This is the memorial to the Great Synagogue of Bialystok which once stood here, sadly destroyed by the Nazis.
A postcard of how the building, constructed between 1909 and 1913, once looked. At the time, around half of the city’s population was Jewish and there was a strong community which seems to have integrated relatively well, although there were some points of difference between the Polish population and the Jews. The Germans took over Bialystok at the beginning of the Second World War, but it was handed back soon after to the Soviets as part of the Molotov–Ribbentrop Pact. That subsequently fell apart and the Germans took the city back again on 27 June 1941.
The Nazis took little time in attacking the city’s Jewish community on the same day they took Bialystok, and Jews were forced into the streets and some were killed immediately, but many took sanctuary in the synagogue. Over 2,000 men, women and children were in the synagogue when the Nazis set fire to it, blocking the exits at the same time. Nearly all of those people died, along with another 1,000 Jews who had been killed elsewhere in the city on the same day.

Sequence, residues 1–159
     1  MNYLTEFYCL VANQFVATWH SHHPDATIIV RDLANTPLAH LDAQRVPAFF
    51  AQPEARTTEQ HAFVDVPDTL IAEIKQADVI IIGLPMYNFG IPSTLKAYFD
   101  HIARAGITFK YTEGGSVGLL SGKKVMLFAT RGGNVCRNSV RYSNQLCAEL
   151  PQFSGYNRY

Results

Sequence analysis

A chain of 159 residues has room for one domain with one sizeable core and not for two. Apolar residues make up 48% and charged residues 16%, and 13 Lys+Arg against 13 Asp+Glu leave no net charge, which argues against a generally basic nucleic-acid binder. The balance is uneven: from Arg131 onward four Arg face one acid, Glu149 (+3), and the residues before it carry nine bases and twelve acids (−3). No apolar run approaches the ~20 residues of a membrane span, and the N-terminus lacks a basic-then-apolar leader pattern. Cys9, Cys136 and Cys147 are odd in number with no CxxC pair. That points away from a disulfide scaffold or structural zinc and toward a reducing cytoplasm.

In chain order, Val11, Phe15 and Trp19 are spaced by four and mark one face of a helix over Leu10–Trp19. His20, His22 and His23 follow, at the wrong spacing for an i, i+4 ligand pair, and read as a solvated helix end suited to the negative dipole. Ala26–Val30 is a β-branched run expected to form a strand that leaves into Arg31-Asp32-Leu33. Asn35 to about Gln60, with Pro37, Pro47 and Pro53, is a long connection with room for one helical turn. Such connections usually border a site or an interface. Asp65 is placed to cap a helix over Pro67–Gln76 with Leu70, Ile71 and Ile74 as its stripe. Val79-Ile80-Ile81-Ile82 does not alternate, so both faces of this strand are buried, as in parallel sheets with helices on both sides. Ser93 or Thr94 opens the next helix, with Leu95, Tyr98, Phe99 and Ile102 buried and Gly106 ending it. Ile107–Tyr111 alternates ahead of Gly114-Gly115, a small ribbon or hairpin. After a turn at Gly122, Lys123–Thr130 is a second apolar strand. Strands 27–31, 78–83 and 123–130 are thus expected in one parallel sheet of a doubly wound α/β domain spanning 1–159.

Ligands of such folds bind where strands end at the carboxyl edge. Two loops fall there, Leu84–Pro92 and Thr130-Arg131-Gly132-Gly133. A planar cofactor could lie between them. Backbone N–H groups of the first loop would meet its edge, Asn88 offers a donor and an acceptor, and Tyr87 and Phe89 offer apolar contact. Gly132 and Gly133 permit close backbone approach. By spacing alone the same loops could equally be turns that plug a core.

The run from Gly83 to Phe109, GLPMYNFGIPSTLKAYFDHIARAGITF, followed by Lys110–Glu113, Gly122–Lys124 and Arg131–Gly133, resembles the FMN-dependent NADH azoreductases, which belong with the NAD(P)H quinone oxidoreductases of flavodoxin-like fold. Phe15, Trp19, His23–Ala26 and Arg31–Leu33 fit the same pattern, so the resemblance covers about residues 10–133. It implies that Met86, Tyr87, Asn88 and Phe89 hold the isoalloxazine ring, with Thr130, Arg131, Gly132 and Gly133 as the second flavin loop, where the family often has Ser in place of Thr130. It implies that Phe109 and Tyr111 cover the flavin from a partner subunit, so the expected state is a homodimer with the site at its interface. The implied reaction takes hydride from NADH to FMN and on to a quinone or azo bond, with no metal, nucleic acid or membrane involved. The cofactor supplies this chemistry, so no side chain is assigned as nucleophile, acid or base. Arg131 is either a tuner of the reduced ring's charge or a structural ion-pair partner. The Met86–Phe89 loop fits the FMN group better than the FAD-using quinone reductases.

The memorial was added in 1995 and comprises of this stone and the metal structure in the top photo, which depicts what the synagogue roof looked like after it had collapsed following the end of the fire. It’s nicely done, but it’s not that easy to find, with little signage towards to it. It’s also hard to understand where the footprint of the original building was, as the monument is in the middle of a courtyard area today.
I tried to look at how the international media reported the incident and it’s clear that it took some time for the details to come out. Initially, the reports said that 500 Soviets were held in the synagogue until a ransom was paid by their families, and after few days of non-payment, they were killed. There was a reference to the scale of the murder in late 1941 and separately the British United Press and Reuters also mentioned that 300 Jews had been killed after being held for three days without food. So although the information had got out in part, it was only in late 1942 that the details of the killing were widely reported. Perhaps few people could have believed at that stage that the Nazis would commit a crime of such a scale.